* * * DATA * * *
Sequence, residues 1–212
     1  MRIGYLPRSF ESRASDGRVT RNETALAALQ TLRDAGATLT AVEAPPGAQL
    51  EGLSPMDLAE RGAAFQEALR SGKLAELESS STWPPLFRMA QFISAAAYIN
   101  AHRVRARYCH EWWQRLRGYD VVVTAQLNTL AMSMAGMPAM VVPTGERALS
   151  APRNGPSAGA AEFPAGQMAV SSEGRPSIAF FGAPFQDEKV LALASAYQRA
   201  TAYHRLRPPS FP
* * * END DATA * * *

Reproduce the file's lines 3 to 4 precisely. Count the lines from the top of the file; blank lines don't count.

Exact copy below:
    51  EGLSPMDLAE RGAAFQEALR SGKLAELESS STWPPLFRMA QFISAAAYIN
   101  AHRVRARYCH EWWQRLRGYD VVVTAQLNTL AMSMAGMPAM VVPTGERALS